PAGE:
90 Days might seem like a fairly long time, until you realize how under-staffed most IT org's are. For instance It took a former company 2 years to fully test Exchange 2010 and migrate to it, mainly due to required integration with the phone system. So, in that time we would have had to rebuild the test infrastructure 4 times. And hope/pray that we rebuilt it the exact same way every time. At my current employer, I keep a full ConfigMgr lab in vm's on my laptop. I use this to demo to clients what they can gain for putting the product into their environments. If I had to tear it down and rebuild it every 180 days, I would frankly stop keeping it around.

If they want to reduce "redundant" infrastructure on the back end, just give us an MSDN option that does not come with Visual Studio and costs the same as TechNet.


@Chris: I am with you on the understaffing but isn't this the same for any other profession? I constantly hear this from IT, developers, testers, accountants, HR people and so on. However it is sad to read that IT projects take several years. And this is the main reason I've heard business people want to use the cloud and bypass IT. Hence I think IT should look for ways to get this down to reasonable timeframes - nobody (even Microsoft) thinks in years anymore when it comes to technology.
And, please - you don't need to educate me what is involved in upgrading 1000s of client machines or migrating TBs of data - been there, done that ;)


In the consultant world we don't always have the licenses and products our clients have. Come into the business right now and you won't have a copy of SBS 2003/SBS 2008 to test migrations. So many times I have posted in the forums when a consultant have asked for copies of SBS 2008 when the client lost them, scratched the media and I ask them "do you have access to Technet because as long as you have the client's key code, for SBS the media on technet is the same exact media as oem/retail [this is unique to the SBS product other skus are not like this].
So no, don't assume we have media.

There is no eval software for older media in order to test migration issues so this idea of a 90 day eval is not valid.

Given the fact that technet can be purchased on a VL license for three years and thus will have to stay up that long, the Technet infrastructure isn't going away that soon.


I am surprised that you think that only Enterprises have complex environments to model.
I am also surprised that you feel TechNet has "Major costs" in infrastructure and maintenance. A flag field associated with a DL file won't break MS bank accounts and a TechNet.MS... on a network device hardly is a maintenance load, so there is only the WebPage, and from what developers are saying about the MSDN redesign, maybe having less time to play with the Website is a positive.

Now I work Information Security. Many "Not Yet" enterprise class businesses can't afford security staff, and so hire services. And we have to set up very complex labs to perform testing for certification, (PCI, PII, HIPPA, ISO, etc.) and for contractual obligations in B2B and B2C contracts just to name a few. 90 days won't touch being long enough for this testing. Then there is Security Patch testing, which takes only days, but happens nearly continuously, year round, at least 16 and up to 24 tests annually. If those labs had to be rebuilt every 90 days, patch cycles would be missed. As developer centric as the world is, security makes or breaks many a business, my potential customers or those of my colleagues or for those who have staff, my colleagues there.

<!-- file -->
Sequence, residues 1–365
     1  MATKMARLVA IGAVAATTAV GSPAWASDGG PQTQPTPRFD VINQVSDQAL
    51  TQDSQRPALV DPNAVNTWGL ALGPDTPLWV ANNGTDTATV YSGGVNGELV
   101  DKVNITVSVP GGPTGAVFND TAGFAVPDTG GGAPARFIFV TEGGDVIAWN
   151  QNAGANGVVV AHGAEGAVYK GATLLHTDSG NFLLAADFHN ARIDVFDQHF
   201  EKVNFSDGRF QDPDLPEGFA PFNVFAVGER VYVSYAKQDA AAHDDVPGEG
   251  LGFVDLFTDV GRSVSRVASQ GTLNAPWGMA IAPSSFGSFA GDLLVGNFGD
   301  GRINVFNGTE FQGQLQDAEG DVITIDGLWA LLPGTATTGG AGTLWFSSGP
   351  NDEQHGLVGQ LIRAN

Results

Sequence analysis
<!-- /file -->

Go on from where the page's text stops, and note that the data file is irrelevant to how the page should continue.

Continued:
TechNet is currently the only viable, legal way which nears being cost effective for us. A customer, in the "not yet" enterprise range can have an environment taking as many as 6 - 10 TechNet Pro subs to model. That is expensive enough, but factor it up to MSDN Subs and you are talking $S35K - $68K just in licenses for non-production software, just to maintain security. Businesses and Customers I have surveyed state flatly that this is cost prohibitive, and many asked my how to avoid the costs. All I can answer is to leave MS for an open source stack. As a long term supporter of, and stockholder in MS, this does not seem satisfactory to me. TechNet costs almost nothing for infrastructure and Mantenance, unless MSDN is dropped too.
Why not let us have the resources we need to keep you all in the developing business. If no one trusts computers anymore, you all are out of jobs too!

Ned Allison (CISSP, CSSLP, CEH, CFE)


To all of the above complaining about costs for testing environment, sorry but testing is part of production as such you should pay for full production license. Another option is to trust Microsoft’s updates. For those against cloud and difficulties with testing, nothing prevents you from setting up paid Office365/Azure or otherwise environment mirroring your production and testing without any time trial or other limitations. If you need more than one test environment well see above …
Actually this will benefit you, as you will have “nearly-hot” disaster recovery site.
So overall everybody (perhaps) wins … well for sure The ONE wins 

John D

lol @ "a few hundred dollars more for MSDN"

You don't know what you're talking about.


@John D: The discrepancy in prices was acknowledged in several conversations but thanks for pointing it out here also.


This is going to bite MS in the butt. I work for a school district and after a recent wsus/system center install I can definitely say that there has to be someone to install the software that installs the software. The same logic fails occurred when virtualization first started taking off and ppl would say crap like "oh our hardware budgets for maintenance and replacements should go way down..." yeah we got less servers, but we also got more SANs and that quickly filled the gap in our IT spending.

my bosses have been hassling me to consider Chromebooks and going google for cloud/email/productivity. As an MCITP enterprise I fought tooth and nail to keep us a MS shop and justify our VL contracts. If MS takes away TechNet and prevents me from having easy access to their products then I'm done. Google won't provide as rich a feature set but hey I'll be a hero come budget time, and I'll be able to task my staff with other it tasks other than babysitting our MS farms.